This one is super important to remember especially when it’s the inevitable cold-call email. Add a line that is super relevant to the business or project in question and even experiment with zany words to reflect your brand identity. Don’t be a smart alec, but do be a rebel. Throw caution to the wind and try something different from the usual drudgery that rolls in on the daily. Keep in mind your professional to conversational ratio, you’ll find this will vary depending on the type of client you are talking to. For instance, if you were to approach the super fun and witty brand Go-To Skincare, you’d add a bunch more flavour than if you were looking to work with a Superfund.
- Be honest and specific.
This one is a no brainer – don’t promise people the world, straight up because generally speaking, your pitch will come off sounding like a too-good-to-be-true, used-car salesmen spiel. Manage expectations from the get-go. Always be open and honest about the realistic outcomes of the collaboration and let them know exactly how you can benefit them. No vague, fluffy language, please. If you’re pitching for something as simple as a blog feature, outline your digital reach, some key stats on your audience and what kind of topics your blog covers. Don’t exaggerate, if someone finds out even one claim you’ve made isn’t true, or even the truth has been skewed in the slightest to make yourself sound better – the pitch loses all credibility pretty quickly.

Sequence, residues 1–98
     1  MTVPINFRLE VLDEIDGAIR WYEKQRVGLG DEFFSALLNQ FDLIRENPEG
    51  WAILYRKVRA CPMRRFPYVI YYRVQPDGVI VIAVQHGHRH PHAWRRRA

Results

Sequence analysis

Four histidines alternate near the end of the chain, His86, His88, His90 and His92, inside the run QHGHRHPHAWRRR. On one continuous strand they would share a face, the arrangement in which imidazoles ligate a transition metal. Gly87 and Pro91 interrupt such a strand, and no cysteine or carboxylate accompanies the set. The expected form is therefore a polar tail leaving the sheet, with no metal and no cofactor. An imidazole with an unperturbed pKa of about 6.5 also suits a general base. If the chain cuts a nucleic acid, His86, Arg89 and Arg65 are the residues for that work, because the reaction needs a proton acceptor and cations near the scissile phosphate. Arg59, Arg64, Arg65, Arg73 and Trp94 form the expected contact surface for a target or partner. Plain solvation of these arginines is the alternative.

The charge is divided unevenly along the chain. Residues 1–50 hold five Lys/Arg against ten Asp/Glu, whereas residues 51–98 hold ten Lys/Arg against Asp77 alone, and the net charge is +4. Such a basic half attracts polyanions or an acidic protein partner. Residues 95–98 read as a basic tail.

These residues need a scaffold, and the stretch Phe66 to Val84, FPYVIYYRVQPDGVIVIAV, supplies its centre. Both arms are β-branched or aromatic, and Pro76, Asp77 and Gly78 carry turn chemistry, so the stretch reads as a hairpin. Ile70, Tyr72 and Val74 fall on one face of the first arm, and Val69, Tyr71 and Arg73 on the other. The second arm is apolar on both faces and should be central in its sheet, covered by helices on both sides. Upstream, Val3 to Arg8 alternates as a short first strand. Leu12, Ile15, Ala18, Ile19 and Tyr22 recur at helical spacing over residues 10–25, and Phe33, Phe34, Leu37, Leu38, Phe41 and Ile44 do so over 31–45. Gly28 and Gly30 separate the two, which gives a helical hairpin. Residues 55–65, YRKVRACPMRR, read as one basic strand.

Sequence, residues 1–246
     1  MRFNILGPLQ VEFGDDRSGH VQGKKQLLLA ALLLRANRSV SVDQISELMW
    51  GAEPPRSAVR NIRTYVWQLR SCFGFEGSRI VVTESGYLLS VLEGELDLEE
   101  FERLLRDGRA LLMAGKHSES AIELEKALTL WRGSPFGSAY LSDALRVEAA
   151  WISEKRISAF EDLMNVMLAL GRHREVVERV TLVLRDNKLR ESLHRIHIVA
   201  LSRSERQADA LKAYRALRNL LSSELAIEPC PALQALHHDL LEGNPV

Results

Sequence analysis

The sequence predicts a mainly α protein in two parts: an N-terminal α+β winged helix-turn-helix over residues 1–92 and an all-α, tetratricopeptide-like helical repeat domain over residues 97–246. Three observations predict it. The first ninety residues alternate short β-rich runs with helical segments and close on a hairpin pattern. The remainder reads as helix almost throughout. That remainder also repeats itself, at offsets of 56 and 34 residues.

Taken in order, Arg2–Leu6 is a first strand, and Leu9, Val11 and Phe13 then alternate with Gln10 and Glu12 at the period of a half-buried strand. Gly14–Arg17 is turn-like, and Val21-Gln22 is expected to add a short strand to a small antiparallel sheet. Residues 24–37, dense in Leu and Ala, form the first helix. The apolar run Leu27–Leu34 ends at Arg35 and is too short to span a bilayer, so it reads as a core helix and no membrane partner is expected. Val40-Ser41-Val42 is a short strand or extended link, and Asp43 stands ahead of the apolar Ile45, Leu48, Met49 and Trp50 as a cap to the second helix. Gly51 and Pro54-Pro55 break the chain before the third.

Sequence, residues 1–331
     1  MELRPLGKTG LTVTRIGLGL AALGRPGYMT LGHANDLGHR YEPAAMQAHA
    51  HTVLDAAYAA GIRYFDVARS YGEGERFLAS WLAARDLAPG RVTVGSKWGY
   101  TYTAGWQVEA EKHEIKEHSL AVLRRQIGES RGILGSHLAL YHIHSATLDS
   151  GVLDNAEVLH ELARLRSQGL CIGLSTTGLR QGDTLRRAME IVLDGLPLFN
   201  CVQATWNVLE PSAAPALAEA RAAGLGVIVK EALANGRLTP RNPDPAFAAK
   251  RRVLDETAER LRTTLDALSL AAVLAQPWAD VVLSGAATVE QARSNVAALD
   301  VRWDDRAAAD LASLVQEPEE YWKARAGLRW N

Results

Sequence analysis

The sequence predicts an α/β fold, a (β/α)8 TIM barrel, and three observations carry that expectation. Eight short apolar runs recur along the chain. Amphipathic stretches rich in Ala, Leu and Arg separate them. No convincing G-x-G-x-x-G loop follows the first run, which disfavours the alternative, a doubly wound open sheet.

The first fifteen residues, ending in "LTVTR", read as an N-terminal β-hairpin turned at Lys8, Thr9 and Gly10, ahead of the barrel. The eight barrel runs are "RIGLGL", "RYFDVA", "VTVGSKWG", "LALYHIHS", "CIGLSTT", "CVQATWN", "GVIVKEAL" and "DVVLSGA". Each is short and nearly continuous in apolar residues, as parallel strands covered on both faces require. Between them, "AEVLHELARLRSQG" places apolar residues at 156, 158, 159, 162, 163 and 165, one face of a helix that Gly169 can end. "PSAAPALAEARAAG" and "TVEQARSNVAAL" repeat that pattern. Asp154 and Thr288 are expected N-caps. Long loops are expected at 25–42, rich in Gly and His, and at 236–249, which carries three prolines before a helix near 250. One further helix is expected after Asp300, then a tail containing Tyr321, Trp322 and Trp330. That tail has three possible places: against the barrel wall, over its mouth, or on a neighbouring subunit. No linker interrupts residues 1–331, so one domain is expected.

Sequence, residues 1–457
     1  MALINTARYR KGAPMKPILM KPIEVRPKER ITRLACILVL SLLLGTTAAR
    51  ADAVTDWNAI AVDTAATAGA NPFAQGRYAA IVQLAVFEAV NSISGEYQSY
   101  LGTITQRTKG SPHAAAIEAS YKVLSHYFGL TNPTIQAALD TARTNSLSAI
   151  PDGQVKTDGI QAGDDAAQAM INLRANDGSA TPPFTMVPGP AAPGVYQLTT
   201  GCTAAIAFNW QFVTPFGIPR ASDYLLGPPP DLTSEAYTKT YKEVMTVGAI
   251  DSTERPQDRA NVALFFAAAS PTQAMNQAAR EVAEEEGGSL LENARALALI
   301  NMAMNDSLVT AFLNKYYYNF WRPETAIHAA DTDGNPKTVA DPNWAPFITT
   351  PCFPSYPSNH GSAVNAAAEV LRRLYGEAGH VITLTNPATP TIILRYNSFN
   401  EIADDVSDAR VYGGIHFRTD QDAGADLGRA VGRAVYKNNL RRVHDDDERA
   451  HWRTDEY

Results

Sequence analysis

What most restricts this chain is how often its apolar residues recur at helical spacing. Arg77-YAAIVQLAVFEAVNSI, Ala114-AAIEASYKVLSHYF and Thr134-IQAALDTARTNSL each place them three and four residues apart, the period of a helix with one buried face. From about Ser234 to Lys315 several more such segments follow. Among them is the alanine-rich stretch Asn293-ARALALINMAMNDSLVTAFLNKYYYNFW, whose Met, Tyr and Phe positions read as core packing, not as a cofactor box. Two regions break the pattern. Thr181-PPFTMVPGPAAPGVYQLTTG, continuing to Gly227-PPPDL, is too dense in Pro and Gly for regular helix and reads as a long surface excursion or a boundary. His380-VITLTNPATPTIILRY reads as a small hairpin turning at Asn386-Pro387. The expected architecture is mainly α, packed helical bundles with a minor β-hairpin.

- Ensure your pitch is productive.
My rule of thumb is to attempt to use less than 150 words in any given email. This is super, super challenging but it will ensure you stay concise. If you find yourself constantly going over the word count, just hit draft and make a note to fine-tune the email the next morning. With fresh eyes, you’ll be able to see what sections you can easily eliminate to make your pitch more direct and subsequently, more substantial.
- Know when to call it quits.
Like we said before, you might not hit everyone you approach. And that is totally fine. A general rule of thumb, one follow-up email is usually enough to get their attention in case they missed your first message. Anything more than that is just plain annoying. If they haven’t responded, they’re likely either too busy to accept your pitch, or they’re simply not interested. Either way, you’re better off moving on and trying your pitch on someone else.
Lastly, the key to a successful pitch is to know your why before you fly. And to continually measure, refine and improve on your process to ensure continuing success.